Self-Checkout ‘check-in’


The new tool is a first of its kind, one-stop shop for advice on how to check your boobs, pecs or chest, giving you the option to personalise the guidance according to your needs - with options to select terms based on your gender identity and age, and whether you are pregnant or taking the contraceptive pill. As breast cancer can affect people of any age or gender, it was important to provide information about breast awareness in a reassuring and inclusive way.

Artist and activist, Az Franco (@youcancallmeaz) commented “As a transmasculine non-binary person it’s so important to me that discussions around my body are inclusive. With options to choose your preferred language, as well as a wide variety of chests being represented and discussed, CoppaFeel! have done a great job at that. I am super excited to see how this develops. This is the inclusivity we need!”

CoppaFeel!’s existing messenger assistant called the Boob Bot talks people through a boob-check. Boob Bot user and self-checker Stephanie Libous added, “Don't underestimate your risks just because they say, ‘you're too young’. I had that misconception, and it took a good friend being diagnosed with Stage 4 metastatic breast cancer to wake up. I had never used anything like a checking guide before and it was helpful to go through a check step-by-step... and because of that, I discovered a change in one of my breasts. I’m thrilled to see CoppaFeel! continuing to educate not just young women, but all young adults on the importance of checking yourself and I think the Self-Checkout is going to make a big difference to people’s experience of checking and understanding of breast cancer.”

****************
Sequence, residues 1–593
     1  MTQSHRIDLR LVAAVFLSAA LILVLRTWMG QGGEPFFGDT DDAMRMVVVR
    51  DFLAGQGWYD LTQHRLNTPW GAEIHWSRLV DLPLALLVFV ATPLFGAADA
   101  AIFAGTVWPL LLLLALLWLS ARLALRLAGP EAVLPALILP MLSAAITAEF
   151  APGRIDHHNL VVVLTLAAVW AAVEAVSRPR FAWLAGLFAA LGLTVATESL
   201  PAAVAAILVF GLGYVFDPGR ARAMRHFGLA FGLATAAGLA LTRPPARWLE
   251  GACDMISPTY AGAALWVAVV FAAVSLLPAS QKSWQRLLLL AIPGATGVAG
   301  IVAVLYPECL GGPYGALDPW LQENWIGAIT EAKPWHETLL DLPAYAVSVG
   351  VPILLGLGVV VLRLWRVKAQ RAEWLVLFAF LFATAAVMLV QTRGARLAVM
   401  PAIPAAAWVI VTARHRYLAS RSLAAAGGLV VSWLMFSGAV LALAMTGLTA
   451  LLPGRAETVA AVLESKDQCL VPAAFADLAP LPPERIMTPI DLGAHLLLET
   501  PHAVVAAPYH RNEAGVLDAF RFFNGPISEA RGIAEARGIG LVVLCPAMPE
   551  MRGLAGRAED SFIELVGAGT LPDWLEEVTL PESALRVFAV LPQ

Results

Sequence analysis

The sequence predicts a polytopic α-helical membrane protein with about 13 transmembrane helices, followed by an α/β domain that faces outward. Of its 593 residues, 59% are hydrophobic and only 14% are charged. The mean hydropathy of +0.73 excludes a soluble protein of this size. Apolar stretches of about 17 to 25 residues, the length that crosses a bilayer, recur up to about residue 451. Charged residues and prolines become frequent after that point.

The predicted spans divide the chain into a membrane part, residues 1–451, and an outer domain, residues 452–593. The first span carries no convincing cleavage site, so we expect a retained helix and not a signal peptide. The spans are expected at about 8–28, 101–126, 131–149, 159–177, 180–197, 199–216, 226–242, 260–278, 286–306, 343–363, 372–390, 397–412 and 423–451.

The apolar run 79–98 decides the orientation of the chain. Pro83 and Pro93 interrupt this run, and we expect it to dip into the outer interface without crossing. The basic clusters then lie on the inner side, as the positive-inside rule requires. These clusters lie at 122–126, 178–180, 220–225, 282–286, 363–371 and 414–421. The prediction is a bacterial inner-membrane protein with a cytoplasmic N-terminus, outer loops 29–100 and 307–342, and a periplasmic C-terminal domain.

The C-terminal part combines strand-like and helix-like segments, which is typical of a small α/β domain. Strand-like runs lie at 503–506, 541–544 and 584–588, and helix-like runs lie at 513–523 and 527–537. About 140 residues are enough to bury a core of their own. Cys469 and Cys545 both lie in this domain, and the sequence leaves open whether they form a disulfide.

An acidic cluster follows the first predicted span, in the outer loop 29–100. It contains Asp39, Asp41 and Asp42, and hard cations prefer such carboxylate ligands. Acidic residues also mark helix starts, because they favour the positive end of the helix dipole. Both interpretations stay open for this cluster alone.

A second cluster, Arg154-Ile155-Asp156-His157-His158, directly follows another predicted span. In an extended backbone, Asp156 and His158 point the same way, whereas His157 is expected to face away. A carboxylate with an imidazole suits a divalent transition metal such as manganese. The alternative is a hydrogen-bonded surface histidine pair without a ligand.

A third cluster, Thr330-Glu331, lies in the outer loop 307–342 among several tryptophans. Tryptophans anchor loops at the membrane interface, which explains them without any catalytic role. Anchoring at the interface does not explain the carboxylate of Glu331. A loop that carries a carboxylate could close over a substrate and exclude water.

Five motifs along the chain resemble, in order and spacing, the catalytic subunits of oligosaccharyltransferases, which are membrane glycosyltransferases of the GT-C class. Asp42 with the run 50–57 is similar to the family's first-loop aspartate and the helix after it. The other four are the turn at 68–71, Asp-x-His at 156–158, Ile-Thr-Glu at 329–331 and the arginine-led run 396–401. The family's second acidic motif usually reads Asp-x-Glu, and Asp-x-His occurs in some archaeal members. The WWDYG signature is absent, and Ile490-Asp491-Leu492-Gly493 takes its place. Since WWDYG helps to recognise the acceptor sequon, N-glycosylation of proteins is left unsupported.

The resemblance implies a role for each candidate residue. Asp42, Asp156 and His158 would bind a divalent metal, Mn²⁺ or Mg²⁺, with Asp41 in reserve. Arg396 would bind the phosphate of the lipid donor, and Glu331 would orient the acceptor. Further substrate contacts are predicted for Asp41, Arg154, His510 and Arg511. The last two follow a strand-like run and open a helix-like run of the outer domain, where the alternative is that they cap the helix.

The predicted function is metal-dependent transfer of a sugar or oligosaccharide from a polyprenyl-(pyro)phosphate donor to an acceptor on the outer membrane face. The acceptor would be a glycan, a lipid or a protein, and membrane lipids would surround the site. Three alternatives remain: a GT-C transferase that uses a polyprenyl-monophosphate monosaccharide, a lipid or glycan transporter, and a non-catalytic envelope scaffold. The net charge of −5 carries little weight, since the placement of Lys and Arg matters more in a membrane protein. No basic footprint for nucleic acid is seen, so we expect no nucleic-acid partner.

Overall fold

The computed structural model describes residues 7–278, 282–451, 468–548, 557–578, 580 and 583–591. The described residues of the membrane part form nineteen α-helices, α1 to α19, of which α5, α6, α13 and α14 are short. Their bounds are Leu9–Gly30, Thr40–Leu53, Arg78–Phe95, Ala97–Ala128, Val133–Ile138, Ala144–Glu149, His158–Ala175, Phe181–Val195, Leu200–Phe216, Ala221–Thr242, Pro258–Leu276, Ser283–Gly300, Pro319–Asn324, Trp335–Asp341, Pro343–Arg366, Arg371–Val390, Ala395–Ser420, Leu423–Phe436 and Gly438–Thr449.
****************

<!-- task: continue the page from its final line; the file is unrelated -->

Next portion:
This project wouldn’t have been possible without the support of the UK Government’s Coronavirus Community Support Fund, distributed by The National Lottery Community Fund. CoppaFeel! worked with Common Collective on the behavioural insights behind the design of the tool and Miroma Project Factory, global digital development agency to produce it.

The Self-Checkout is not a diagnostic or decision tool, and all medical decisions should be made in consultation with your GP.

About CoppaFeel!

CoppaFeel! aims to ensure that all breast cancers are diagnosed at the earliest stage possible by educating people on the signs and symptoms of breast cancer, encouraging them to check regularly and instilling the confidence to seek medical referral if they detect abnormalities. Currently 5% of diagnosed cases are already at stage IV with breast cancer being the second most commonly diagnosed cancer in women under 30 in the UK (181 new cases diagnosed and 12 deaths annually). CoppaFeel! is the third most recognized breast cancer charity amongst young people and those aware of CoppaFeel! are 58% more likely to check their boobs regularly than those not aware (CoppaFeel! research, sample based upon 18-29 year olds. December 2019 research).